America’s favorite light-duty truck achieves new levels of durability, not to mention popularity, by employing extensive amounts of galvanized sheet metal to fight corrosion. Updated styling includes a new, squarer grille and headlamp bezels. “Built Ford Tough,” the slogan that embodies the heart and soul of the F-Series, is also introduced. Now that’s what we call truth in advertising.

The F-Series cuts through the wind better. As well as the competition.

The redesigned 1980 F-Series pickups feature an updated exterior that is more aerodynamic and stylish, including a new grille and recessed headlamps and parking lights. The interiors are also redesigned to give passengers more space and comfort.

Good-bye, F-100, and hello, F-150.

The F-100 is retired and replaced by the F-150, which becomes the only half-ton truck Ford offers. Explorer special value packages provide numerous higher-level features like power mirrors, windows and door locks at a discounted price. Though they are officially retired, we hear there are still a lot of F-100s out there that refuse to quit working.

The F-150 gets a facelift.

This F-150 features flush headlamps, wraparound parking lights and a grille with 12 rectangular openings. It also boasts new front fenders, a new hood and a new bumper. Which, come to think of it, sounds more like a full body lift.

Lightning strikes.

The performance-oriented F-150 SVT Lightning is introduced, offering a special version 5.8L V8 engine packing 240 hp. The Lightning also features blackout trim, bucket seats, a front spoiler and a lowered sport suspension with 17-inch alloy wheels. Needless to say, the Lightning makes an enormous impact.

New look. New engine.

Thanks to its first major redesign since 1979, the new F-150 is named Motor Trend Truck of the Year.® The F-Series trucks get an entirely new, sleeker, tougher appearance, an all-new 5.4L engine and plenty of new swagger.

A legendary name in performance is added to the lineup.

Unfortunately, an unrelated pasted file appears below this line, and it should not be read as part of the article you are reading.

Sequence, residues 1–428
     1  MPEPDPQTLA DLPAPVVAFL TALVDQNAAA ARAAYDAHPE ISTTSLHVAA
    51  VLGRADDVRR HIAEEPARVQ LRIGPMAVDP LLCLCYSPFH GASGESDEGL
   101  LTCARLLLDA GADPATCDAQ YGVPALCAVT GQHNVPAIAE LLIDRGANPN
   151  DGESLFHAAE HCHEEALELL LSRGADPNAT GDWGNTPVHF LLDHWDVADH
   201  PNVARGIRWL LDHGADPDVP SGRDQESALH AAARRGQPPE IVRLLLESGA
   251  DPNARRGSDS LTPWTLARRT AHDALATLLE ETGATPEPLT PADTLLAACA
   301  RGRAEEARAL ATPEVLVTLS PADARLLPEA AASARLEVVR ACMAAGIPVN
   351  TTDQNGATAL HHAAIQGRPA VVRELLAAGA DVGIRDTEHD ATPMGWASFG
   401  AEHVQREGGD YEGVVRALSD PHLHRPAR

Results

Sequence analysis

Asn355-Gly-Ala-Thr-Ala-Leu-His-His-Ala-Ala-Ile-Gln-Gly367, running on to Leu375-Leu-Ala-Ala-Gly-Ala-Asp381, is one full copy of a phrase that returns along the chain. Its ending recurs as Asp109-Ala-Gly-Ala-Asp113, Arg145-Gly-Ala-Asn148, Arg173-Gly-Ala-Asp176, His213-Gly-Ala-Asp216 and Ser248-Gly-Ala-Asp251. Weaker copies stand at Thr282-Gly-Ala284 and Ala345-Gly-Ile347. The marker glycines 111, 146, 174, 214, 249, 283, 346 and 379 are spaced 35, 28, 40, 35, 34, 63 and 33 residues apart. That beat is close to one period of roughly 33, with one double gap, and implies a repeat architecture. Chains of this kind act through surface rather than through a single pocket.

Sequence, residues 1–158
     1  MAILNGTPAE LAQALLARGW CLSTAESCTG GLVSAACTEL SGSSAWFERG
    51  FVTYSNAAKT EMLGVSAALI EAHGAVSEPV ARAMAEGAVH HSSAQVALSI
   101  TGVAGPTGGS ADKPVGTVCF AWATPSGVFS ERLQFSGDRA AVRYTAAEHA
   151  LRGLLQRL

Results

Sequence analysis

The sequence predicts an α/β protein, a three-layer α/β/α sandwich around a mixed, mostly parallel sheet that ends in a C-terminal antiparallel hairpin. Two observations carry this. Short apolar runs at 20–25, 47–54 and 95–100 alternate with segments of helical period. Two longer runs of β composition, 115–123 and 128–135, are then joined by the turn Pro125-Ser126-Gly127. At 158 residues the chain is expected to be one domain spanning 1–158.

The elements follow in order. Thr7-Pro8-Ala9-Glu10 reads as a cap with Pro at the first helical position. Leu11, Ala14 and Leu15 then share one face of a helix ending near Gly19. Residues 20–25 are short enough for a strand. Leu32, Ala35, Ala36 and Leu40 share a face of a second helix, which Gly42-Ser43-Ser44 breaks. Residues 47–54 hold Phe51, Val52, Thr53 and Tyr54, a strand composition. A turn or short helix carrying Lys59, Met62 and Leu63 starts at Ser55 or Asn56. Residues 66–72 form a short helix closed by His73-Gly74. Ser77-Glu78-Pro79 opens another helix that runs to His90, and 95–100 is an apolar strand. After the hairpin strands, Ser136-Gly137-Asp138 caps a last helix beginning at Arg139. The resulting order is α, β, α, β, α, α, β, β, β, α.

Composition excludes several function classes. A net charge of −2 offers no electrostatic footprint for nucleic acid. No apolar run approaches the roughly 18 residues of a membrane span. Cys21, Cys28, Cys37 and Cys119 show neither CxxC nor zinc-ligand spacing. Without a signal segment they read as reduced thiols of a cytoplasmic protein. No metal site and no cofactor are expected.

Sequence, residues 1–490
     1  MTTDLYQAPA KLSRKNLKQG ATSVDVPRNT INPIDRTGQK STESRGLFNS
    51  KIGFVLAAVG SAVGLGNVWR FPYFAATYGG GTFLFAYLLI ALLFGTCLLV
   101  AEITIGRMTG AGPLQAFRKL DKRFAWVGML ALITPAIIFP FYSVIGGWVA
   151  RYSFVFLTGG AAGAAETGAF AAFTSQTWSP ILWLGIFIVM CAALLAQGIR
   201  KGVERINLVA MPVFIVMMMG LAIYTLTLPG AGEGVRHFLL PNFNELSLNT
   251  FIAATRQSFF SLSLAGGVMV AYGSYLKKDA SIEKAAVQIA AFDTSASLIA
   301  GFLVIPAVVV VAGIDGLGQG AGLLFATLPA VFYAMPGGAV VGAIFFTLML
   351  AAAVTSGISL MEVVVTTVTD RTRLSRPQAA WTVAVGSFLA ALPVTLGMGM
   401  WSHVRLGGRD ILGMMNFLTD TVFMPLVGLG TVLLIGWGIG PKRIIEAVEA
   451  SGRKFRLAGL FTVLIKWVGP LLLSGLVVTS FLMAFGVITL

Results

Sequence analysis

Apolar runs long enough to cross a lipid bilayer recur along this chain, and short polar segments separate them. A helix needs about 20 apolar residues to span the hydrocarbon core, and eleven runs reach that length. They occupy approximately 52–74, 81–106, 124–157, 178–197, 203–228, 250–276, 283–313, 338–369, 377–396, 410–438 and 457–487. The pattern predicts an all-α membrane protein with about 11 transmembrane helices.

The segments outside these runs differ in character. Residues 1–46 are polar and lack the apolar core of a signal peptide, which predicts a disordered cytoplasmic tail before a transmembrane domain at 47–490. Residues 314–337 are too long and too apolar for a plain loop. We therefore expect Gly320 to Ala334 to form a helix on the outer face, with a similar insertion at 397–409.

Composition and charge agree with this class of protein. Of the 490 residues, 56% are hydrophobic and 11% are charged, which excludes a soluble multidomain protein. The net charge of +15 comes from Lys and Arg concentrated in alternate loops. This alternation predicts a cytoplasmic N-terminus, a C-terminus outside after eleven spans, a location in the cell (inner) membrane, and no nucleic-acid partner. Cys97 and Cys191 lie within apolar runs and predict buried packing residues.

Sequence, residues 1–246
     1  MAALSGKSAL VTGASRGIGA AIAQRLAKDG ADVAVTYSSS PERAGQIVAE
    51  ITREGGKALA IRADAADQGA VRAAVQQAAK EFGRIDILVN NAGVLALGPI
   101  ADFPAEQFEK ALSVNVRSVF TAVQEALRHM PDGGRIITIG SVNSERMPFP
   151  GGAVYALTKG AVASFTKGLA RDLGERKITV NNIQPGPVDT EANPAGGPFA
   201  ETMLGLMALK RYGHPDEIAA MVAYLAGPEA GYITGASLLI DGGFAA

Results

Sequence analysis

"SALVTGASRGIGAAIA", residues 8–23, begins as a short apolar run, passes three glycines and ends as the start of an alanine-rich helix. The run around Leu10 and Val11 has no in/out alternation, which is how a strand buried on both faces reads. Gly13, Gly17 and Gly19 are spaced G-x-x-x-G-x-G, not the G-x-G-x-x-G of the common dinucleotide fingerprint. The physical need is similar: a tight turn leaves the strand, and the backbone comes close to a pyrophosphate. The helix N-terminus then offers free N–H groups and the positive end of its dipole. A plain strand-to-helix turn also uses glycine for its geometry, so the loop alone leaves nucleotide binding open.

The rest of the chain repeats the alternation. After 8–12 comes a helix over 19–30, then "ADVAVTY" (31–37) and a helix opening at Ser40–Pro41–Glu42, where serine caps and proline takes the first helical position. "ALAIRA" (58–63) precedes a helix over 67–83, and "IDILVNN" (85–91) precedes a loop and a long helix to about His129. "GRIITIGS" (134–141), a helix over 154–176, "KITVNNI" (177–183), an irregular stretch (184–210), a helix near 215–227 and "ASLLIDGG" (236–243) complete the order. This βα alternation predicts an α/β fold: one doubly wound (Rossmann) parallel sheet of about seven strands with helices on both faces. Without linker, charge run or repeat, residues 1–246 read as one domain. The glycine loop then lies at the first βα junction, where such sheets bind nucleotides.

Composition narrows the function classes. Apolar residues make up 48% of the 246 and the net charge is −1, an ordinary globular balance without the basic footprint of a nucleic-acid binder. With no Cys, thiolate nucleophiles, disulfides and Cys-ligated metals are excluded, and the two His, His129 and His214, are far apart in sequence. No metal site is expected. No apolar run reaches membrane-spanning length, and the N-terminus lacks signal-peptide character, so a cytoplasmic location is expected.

Ford introduces the Ford Harley-Davidson™ F-150 edition. And to live up to the Harley-Davidson reputation for performance, Ford beefs up the suspension and adds the serious muscle of the 260-hp Triton® 5.4L SOHC V8. Legend plus legend adds up to something truly special.

More capacity, more models.

The F-150 SuperCrew® adds a second passenger row and becomes the first full-size, four-door, half-ton crew cab in the segment. The premium, Western-themed King Ranch® edition and the second-edition Ford Harley-Davidson F-150 are introduced.
Disclaimer: King Ranch is a registered trademark of King Ranch, Inc.

New look. Same old toughness.

The F-150 undergoes a bumper-to-bumper redesign. Among many style updates, the front is less rounded, the suspension is updated, and the grille and fenders are made taller. Its toughness, however, remains exactly the same.

The F-Series goes Platinum.

The F-Series features an all-new, squared-off design with more really smart features than ever. The 2009 F-150 also introduces its most advanced and luxurious model yet: the Platinum edition. It features retractable running boards and a 5.4L Triton V8, which delivers 320 hp. The quality of its interior trim rivals or, according to many critics, even surpasses that of Lincoln. Not bad for a bad*** truck.

The Raptor lands.

Ford introduces the groundbreaking and ground-pounding F-150 SVT Raptor, designed to perform both on- and off-road like no other truck before it. Raptor features a FOX Racing long-travel suspension, a 5.5-foot bed and a track that is 7 inches wider for extra stability off-road. It would be right at home in one of those dinosaur-movie sequels.

Aluminum-alloy is the new gold standard for pickups.

Thanks to its high-strength, military-grade, aluminum-alloy construction, the 2015 F-150 sheds up to 700 pounds. And that translates into improved towing and payload capabilities. The F-150 now boasts the highest maximum ratings* of any half-ton truck. SuperCrew, SuperCab and Regular Cab also receive the segment’s only 5-star top safety rating for driver and passenger for every crash test mode and cab type** Less fat. More muscle. That’s the kind of shape the new F-150 is in.
Disclaimer: *Class is Full-Size Pickups under 8,500 lbs. GVWR. Towing: When properly equipped with available 3.5L EcoBoost® V6, 4x2. Payload: When properly equipped with available.
**Government 5-Star Safety Ratings are part of the National Highway Traffic Safety Administration's (NHTSA's) New Car Assessment Program ( Tests include driver and passenger front, side and side barrier and pole tests.